Public sector workers are preparing to further squeeze state coffers by proposing wage increases of more than 5% during the government’s 2021/22 financial year, as a new round of compensation talks looms.
Wage talks between the government and trade unions representing public sector workers usually start in October every year at the Public Service Coordinating Bargaining Council, where terms of employment are discussed.
Trade unions are already talking about tabling inflation-busting wage increases at the council despite the government’s plan to cut the wage bill by R160-billion over the next three years, as it is the largest component of government expenditure – at R639-billion for the 2020/21 financial year.
The government has consistently improved the pay of public sector workers over the past decade – with public finances allocated to consumption measures instead of initiatives that grow the economy. In 2020 alone, the government expects to spend almost 60% of tax revenue (42% in 2019) on paying 1.2 million public servants – just 2.2% of the population.
The Public Servants’ Association (PSA), which represents about 240,000 public sector workers, wants to table a more than 5% increase in 2021/22 for workers in the low- to middle-income categories. For this category of workers, the PSA has set wage increases at consumer price inflation (CPI or inflation, which the trade union expects to be 3.3% in 2021) plus 2%. Meanwhile, higher-income workers would either get wage increases that are only linked to inflation or a wage freeze in some cases.
Any wage increase for public sector workers – including nurses, teachers, doctors, police and correctional services officers – would undermine the government’s three-year plan to cut expenditure to reach a surplus and stabilise debt at 87.4% of gross domestic product.
Another union weighs in
Other trade unions are still having internal discussions about their desired wage increases. The South African Democratic Teachers’ Union (Sadtu) is one of the unions, with its general secretary, Mugwena Maluleke, saying the preferred wage increase will be based on expected inflation.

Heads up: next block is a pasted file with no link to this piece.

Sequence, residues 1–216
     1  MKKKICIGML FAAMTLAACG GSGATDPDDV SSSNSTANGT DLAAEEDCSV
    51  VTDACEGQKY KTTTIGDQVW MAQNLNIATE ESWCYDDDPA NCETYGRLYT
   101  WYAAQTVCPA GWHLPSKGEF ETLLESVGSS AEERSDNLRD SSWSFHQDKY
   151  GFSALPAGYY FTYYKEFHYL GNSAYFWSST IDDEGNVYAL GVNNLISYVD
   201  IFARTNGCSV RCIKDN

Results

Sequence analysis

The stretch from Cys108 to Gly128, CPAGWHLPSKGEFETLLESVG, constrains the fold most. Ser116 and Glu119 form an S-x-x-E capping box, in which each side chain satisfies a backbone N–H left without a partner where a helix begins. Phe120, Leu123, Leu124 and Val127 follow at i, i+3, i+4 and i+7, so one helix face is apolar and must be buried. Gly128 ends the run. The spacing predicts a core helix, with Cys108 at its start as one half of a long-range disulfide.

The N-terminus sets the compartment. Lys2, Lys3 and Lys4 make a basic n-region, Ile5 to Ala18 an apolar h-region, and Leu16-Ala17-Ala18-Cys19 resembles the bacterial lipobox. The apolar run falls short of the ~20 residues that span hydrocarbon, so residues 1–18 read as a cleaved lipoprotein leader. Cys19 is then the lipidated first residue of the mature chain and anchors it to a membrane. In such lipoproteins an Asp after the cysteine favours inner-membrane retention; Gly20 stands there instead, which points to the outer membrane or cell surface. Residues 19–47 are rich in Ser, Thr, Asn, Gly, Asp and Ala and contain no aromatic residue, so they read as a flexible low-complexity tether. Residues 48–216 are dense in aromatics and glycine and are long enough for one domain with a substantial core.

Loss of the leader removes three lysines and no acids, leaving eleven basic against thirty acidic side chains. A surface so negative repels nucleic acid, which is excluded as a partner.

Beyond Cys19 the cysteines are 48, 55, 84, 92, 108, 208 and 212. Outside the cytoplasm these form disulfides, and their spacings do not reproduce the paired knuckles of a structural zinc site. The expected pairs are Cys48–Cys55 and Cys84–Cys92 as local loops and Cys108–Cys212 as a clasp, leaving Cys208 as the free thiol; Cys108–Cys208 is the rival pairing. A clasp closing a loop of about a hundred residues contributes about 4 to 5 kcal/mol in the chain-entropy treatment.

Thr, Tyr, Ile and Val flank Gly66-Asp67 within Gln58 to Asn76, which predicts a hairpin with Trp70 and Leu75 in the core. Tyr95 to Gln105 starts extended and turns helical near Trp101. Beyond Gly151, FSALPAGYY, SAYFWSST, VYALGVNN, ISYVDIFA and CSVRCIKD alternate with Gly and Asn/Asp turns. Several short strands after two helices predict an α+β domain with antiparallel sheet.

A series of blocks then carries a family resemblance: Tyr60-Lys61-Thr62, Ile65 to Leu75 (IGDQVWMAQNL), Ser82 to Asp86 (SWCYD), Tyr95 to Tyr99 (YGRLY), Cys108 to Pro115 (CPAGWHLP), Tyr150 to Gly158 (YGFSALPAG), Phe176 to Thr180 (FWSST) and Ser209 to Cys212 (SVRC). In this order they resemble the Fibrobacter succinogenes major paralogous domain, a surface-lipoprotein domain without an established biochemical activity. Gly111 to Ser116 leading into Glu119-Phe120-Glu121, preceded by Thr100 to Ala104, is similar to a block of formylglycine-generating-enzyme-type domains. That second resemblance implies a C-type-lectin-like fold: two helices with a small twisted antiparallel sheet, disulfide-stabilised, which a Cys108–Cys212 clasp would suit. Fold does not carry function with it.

“The additional percentage on top of inflation will be up for debate with the economic section of our labour federation,” Maluleke told Business Maverick.
During previous wage talks at the Public Service Coordinating Bargaining Council, Maluleke was the chief negotiator for Cosatu-affiliated unions including Sadtu, the National Education, Health and Allied Workers’ Union, the Democratic Nursing Organisation of SA and the Police and Prisons Civil Rights Union.
The government and organised labour have been in a spat at the Labour Court in Johannesburg over wage increases for public sector workers under a three-year wage agreement that ends in 2020. The government has reneged on its promise of giving public sector workers salary increases of between 4.3% and 5.4% – depending on their employment level and take-home pay – from 1 April 2020, because it is broke. If the labour court rules in favour of organised labour, the government will be on the hook for salary increases and back pay at an estimated R37.8-billion.
Maluleke said organised labour will continue to table its wage increase demand for 2021 even though the labour court dispute is ongoing.
Meanwhile, the PSA said it wants to table wage increase demands before the main February 2021 Budget, where additional tax revenue measures and government expenditure can be proposed. In doing so, the PSA wants to “influence the allocation of funds to afford public servants an increase”.
Covid-19 and dire public finances
The PSA said it was aware that public finances had been severely affected by the Covid-19 pandemic, but it is not backing down on its demands.
“It is, therefore, important that a fair balance of needs be maintained to ensure that public servants can maintain their purchasing power in the face of soaring costs of food, water, electricity, fuel and transport. The PSA’s 2021/22 wage demand will, among others, focus on a real wage increase and various non-monetary items. These include remote working and the creation of childcare facilities at workplaces,” the union said.
Sadtu’s Maluleke said the union cannot be sympathetic to the government and its dire finances during the Covid-19 pandemic.
“Workers are faced with the Covid-19 reality every day at the workplace. Nurses, police, teachers are under pressure and working long hours. We cannot sympathise with a government that speaks with a forked tongue. It says it wants to deal with corruption, but it is not dealing with it. The government says it is serious about dealing with corruption, but it appoints incompetent people through cadre deployment and individuals who are stealing Covid-19 relief funds.” DM/BM
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